On other occasions, Scalia has joined the majority in whittling away at the guarantee against unreasonable searches and seizures, especially in the name of the war on drugs. But he also has written majority opinions rejecting infrared surveillance of homes, GPS tracking of cars and dog sniffs at doorsteps without probable cause.
Sentencing is another area where Scalia has shown concern for the rights of criminal defendants. He and Clarence Thomas led the charge against mandatory federal sentencing guidelines, insisting that the Sixth Amendment right to trial by jury means judges may not determine facts that automatically trigger harsher punishment.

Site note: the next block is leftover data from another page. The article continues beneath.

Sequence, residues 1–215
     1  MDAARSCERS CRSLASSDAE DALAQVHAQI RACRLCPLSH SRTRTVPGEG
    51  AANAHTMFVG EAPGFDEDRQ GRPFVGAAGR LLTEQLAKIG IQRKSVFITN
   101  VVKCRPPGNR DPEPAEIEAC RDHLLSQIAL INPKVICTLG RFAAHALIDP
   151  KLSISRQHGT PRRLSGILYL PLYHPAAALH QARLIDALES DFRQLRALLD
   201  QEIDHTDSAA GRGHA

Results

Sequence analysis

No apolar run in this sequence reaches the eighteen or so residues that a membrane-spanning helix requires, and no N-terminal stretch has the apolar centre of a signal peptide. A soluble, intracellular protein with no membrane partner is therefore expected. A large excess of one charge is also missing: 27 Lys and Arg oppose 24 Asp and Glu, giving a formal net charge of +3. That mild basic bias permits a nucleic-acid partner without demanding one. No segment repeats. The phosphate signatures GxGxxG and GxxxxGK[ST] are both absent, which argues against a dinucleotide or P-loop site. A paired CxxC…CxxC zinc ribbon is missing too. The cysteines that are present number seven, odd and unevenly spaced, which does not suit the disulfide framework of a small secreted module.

In Hamdi v. Rumsfeld, the 2004 case involving an American citizen detained in the United States as an "enemy combatant," Scalia took the most radical position against the Bush administration, saying the government had to try Hamdi in civilian court or let him go. That is hardly the position of an authoritarian.
Scalia likewise has shown a decidedly non-authoritarian respect for freedom of speech in cases dealing with advertising, online indecency, flag burning, dog fight films, violent video games and criticism of politicians. I would also count in his favor (although many progressives would not) his defense of the right to arms and his opposition to the abuse of eminent domain.
Scalia's record of resisting government encroachment on individual freedom is by no means perfect. But on the whole he is more liberal than some of his purportedly liberal colleagues.